EDITOR’S COMMENT: Here is another timely commentary by Charles Hugh Smith, in which he discusses several reasons why it is difficult to raise substantial additional new tax revenue by simply raising taxes on the “rich”. All of his reasoning revolves around the basic fact that “Efforts to collect more taxes fail because people adjust their behavior accordingly.” And, specifically, that “Various studies have found that Federal tax revenues top out just above 20% of total household income, regardless of the era of nominal tax rates.
By Charles Hugh Smith
Efforts to collect more taxes fail because people adjust their behavior accordingly.
Amidst all the “fiscal cliff” talk of raising tax rates, few dare to ask: have tax revenues topped out?
How could tax revenues decline as rates go up? Easy: people modify their behavior in response to whatever incentives and disincentives are present.
Make mortgage interest deductible and people will rack up huge mortgages. Reduce the yield on savings to near-zero (thank you, Federal Reserve) and people will save less.
Raise tax rates and people will lower their income or move to low-tax locales. As the saying has it, “Money goes where it is treated well.”
Supporters of higher rates tout studies that find upper-income taxpayers shrug off higher rates, staying put in high-tax states: Do High Taxes Chase Out The Rich? and Superrich stay put in high-tax states like California.
On the other side of the ledger is this study from Britain: Two-thirds of millionaires left Britain to avoid 50% tax rate.
Which view is correct? Both, as a result of different dynamics. There are at least four separate dynamics in play.
1. The professional class is often “captured” and cannot move. For tax purposes, households with incomes of $500,000 and up are considered wealthy, i.e. above middle class incomes. Many of these people are self-employed or professional such as doctors and attorneys.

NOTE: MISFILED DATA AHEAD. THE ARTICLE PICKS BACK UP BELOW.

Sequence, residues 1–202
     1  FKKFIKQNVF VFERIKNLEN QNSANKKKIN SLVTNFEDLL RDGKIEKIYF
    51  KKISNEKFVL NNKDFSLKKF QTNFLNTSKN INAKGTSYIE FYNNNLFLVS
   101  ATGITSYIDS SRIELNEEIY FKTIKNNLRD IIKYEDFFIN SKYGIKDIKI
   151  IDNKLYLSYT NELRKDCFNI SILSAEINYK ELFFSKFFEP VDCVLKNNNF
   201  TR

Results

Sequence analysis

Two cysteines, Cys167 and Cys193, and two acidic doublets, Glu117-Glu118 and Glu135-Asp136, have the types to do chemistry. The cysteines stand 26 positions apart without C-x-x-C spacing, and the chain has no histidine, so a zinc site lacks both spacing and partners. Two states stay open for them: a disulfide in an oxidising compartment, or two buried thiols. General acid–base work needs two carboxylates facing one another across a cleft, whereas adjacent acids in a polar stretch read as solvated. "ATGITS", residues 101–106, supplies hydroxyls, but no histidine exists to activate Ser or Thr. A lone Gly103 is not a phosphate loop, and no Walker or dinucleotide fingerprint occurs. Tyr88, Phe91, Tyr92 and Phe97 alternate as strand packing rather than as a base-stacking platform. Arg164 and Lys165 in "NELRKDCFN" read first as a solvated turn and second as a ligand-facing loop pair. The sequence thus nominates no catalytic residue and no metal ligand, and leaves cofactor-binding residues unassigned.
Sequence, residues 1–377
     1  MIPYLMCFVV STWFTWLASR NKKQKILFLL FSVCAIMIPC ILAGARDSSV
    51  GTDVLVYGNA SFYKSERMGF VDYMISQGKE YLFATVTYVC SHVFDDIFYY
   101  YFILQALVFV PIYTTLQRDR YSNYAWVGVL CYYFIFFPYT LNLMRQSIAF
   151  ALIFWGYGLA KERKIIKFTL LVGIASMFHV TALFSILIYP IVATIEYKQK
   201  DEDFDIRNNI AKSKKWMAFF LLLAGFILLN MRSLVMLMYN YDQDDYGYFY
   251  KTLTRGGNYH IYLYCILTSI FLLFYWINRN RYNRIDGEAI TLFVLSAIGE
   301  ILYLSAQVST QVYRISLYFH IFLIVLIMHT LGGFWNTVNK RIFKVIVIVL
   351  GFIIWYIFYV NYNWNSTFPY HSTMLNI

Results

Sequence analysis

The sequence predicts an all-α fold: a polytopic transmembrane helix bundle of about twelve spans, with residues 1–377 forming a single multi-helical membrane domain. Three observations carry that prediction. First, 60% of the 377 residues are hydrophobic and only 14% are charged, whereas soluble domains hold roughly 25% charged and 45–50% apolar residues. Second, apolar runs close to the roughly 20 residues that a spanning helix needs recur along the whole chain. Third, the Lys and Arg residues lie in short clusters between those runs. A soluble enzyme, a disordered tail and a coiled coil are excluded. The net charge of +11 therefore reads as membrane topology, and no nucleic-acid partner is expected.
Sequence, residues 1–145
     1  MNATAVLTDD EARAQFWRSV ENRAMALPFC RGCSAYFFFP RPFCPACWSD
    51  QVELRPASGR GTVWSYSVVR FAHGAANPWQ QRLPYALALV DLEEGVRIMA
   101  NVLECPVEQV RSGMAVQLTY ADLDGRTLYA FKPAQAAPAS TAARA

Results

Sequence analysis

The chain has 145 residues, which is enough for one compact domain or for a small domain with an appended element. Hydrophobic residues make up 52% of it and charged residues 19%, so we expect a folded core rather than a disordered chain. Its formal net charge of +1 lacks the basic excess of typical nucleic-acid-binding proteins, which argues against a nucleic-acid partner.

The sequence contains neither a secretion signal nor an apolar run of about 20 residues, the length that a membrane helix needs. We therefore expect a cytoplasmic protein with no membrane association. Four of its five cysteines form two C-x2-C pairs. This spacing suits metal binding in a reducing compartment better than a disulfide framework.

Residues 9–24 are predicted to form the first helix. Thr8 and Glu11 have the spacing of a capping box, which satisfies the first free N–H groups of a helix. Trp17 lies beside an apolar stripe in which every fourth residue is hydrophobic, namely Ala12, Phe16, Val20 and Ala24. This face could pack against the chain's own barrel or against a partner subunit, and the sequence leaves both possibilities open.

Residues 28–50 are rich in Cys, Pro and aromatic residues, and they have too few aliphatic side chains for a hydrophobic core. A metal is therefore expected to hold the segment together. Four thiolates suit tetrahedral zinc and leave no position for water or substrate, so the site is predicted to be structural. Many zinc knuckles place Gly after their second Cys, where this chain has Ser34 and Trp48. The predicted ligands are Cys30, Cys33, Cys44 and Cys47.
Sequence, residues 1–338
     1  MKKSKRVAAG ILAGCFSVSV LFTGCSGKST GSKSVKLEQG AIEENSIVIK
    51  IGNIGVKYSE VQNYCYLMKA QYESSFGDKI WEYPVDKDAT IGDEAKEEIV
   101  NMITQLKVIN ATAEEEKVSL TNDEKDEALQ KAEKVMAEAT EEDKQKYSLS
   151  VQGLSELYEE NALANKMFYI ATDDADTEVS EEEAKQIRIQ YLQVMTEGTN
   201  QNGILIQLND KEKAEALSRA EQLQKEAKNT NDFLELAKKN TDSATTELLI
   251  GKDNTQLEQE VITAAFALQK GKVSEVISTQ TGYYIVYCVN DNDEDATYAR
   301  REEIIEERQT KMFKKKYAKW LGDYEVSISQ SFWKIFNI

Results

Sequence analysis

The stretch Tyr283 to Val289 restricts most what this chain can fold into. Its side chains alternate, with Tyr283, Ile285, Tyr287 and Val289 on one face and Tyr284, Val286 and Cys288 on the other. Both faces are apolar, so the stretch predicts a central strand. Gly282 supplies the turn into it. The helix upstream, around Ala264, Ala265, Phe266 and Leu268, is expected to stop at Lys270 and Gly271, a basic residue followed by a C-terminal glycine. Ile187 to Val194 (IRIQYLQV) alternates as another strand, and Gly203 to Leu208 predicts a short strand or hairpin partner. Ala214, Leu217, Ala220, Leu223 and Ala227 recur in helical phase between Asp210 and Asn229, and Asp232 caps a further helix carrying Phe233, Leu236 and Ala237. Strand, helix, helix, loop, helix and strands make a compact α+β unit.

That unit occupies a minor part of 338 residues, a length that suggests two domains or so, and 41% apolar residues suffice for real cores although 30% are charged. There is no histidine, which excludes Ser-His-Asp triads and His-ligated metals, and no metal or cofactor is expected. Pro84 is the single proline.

In theory, they could move to lower-tax states or nations, but their practice or enterprise is often local–pulling up stakes would mean sacrificing their high income which is the result of years or decades of networking and building local social capital.
Many of these high-earners are also trapped by their demographics: their kids are relying on their high incomes to pay their college costs, and aging parents may rely on their proximity and income.
Moving away is simply not an option for these high earners. So it’s not that these professionals approve of higher taxes, they just don’t have any practical alternative.
2. What self-employed high earners can do is lower their earnings. If the threshold is $250,000 each, then they will lower their taxable income to $245,000. Those with S corporations, limited liability corporations, etc. have legal ways to lower their taxable income while retaining the benefits of their entity’s income.
For example, maybe the corporation will buy a live/work loft as an office, eliminating the owner’s personal mortgage. The corporation effectively pays the mortgage, meaning their earned income can drop significantly.
Others will choose to work less. Why work so hard just to pay more taxes? Refuse work, cut your hours, enjoy life more.